Saving the Last New Zealand Dolphins

Saving the Last New Zealand Dolphins

Fundraising target: £2,100 +

Funds donated: £2,100

Project: essential kit for field research and monitoring of Hector’s and Maui dolphins. This is one of 21 projects nominated for our 21 For 21 programme.

21 For 21 Project Partner: New Zealand Whale & Dolphin Trust

NZWDT is a world-class, research driven organisation committed to the conservation of New Zealand’s whales and dolphins.

Find out more about NZWDT Set up a 21 For 21 Fundraising Page.

About NZ Whale & Dolphin Trust

NZWDT is the only research and conservation organisation working with whales and dolphins in New Zealand. Their research includes population surveys, studies of whale and dolphin reproduction, survival and human impacts. Research is firmly focused on ensuring sustainability and recovery.

They are the leading authority on Maui’s and Hector’s dolphins, and the only group actively researching their conservation.

Hector’s & Maui Dolphins

Hector’s and Maui dolphins are endemic to New Zealand. Hector’s dolphin is the South Island subspecies, Maui dolphin is the North Island subspecies. Both Hector’s and Maui dolphins are endangered due to deaths in gill nets and trawl nets.

Maui dolphin is the rarest and smallest subspecies of dolphin. Listed by IUCN as Critically Endangered there are fewer than 50 left in the world. The last population estimate which was taken several years ago and is no longer accurate found just 57 dolphins (1 year and older). This is less than 5% of the original population size.

With about 10,000 individuals today, the South Island Hector’s dolphin population is less then 30% of its original numbers.  The population is highly fragmented.

The most vulnerable populations of these dolphins exist in Porpoise Bay, on the southeast corner of the South Island, off Otago and the east coast of the North Island.

New Zealand’s dolphins are easy to recognise since no other dolphin has a rounded dorsal fin.  NZ dolphins are very small, up to 1.4 metres long. Other dolphins are roughly human-size, about 2 metres long, or larger. NZ dolphins live in waters of up to 100 m depth.

NZ dolphins have very large brains. This is reflected in their complex behaviour and social system. They live in small groups of 2-8 individuals, which sometimes get together into larger groups of 20-30, at times even 100 or so dolphins. The smaller groups of 2-8 individuals are usually made up of only males or only females and their calves.

Their social system is described as ‘fission – fusion’. In other words, if two groups of dolphins meet, they don’t necessarily split up into their original groups again but may go on to form new and different groups when they go their separate ways.

NZ dolphins eat red cod, yellow-eyed mullet, stargazer, squid and a range of other species – this has been established from examining the stomach contents of dolphins that were found dead on beaches or caught in fishing nets.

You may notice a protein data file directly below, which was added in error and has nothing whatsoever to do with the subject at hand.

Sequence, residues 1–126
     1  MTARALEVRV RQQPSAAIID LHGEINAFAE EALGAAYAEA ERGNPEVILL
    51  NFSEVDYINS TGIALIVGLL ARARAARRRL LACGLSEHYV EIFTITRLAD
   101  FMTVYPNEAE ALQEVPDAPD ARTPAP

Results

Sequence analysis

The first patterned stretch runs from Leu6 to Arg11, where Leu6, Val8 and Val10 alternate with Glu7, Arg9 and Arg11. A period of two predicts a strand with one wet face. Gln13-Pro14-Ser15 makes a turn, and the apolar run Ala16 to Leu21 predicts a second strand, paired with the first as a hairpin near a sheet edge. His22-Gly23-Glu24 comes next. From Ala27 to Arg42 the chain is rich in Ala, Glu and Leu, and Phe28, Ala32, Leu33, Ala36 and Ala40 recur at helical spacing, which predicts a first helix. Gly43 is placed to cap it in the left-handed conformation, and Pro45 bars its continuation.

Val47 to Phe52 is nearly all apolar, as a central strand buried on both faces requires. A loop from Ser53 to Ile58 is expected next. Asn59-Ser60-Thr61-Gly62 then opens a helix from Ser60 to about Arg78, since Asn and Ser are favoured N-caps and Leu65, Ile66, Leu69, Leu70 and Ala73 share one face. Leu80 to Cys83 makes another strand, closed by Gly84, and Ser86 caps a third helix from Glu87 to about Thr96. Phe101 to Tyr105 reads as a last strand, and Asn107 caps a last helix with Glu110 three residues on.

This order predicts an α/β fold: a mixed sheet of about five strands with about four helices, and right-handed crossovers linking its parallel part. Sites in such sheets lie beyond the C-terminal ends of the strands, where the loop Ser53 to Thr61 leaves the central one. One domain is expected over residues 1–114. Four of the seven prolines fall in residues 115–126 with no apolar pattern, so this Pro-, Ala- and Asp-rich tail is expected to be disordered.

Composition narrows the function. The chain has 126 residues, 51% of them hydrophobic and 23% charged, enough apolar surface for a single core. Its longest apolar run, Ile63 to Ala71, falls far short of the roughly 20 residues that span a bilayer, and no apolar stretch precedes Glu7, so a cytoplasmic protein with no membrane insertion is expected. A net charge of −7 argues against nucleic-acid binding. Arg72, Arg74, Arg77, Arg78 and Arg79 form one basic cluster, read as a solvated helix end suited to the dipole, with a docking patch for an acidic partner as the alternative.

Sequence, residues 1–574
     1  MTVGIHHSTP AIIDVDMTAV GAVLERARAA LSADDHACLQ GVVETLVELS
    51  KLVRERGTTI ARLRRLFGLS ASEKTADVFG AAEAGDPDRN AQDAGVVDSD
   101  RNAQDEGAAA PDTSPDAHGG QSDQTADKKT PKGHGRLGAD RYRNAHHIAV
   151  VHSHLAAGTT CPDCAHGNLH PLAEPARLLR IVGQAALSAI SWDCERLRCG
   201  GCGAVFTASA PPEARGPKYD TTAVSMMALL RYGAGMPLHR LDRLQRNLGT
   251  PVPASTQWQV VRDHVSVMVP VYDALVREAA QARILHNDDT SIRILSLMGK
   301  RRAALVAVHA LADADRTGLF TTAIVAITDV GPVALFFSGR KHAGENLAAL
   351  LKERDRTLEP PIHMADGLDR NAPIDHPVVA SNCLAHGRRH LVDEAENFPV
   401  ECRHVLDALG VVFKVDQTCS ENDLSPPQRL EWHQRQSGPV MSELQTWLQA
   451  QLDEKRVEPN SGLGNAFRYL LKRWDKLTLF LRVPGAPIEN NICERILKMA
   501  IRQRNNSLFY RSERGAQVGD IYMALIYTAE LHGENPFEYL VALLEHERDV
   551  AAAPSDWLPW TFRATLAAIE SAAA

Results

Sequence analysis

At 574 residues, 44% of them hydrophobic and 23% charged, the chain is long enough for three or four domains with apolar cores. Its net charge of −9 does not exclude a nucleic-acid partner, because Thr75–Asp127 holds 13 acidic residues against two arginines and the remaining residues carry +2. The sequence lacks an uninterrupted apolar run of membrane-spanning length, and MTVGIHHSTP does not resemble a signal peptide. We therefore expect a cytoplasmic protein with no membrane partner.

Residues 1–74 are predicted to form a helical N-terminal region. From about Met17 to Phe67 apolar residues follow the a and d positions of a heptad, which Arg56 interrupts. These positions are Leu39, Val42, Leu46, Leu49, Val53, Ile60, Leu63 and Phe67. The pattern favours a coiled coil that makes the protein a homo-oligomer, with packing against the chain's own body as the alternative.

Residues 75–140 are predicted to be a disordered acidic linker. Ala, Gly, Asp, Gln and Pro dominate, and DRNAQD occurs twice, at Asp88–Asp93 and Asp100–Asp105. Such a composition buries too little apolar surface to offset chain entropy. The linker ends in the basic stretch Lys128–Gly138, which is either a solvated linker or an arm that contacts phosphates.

Like most dolphins, NZ dolphins have a very slow reproductive rate. A female can expect to have her first calf when she is 7 to 9 years old, and she will have one calf every 2 to 4 years after that. They only live to about 25 years. That means an overall population growth rate of about 2%. In other words, a population of 100 NZ dolphins can grow by 2 individuals at most in any one year. That makes them very vulnerable to human impacts.

Fishing net ban

We know that removing fishing nets from the dolphins’ habitat makes a huge difference. At Banks Peninsula, gillnets have been banned up to 4 nautical miles from shore since 1988 and trawling up to 2 nautical miles since 2008. Trust researchers have found that this has increased their survival by more than 5%. The Banks Peninsula dolphin population had been declining at 6% per year and is now almost stable.

Extending protection to all waters up to 100 m deep would allow Hector’s and Maui dolphins to recover.

Protection for Dolphins

Much better protection is needed to allow NZ dolphin populations to recover from the rapid declines of the last three decades.

By banning gill nets and trawl nets in all waters less than 100 metres deep where these dolphins forage,  as recommended by the IUCN and International Whaling Commission and transitioning to dolphin-safe fishing methods (including fish traps and hook and line fishing) New Zealand’s dolphins can be saved.

21 For 21 Funding will assist NZWDT researchers working in the field by helping to provide essential kit including boat fuel, lifejackets, VHF radios and GPS units.


Images courtesy of NZWDT



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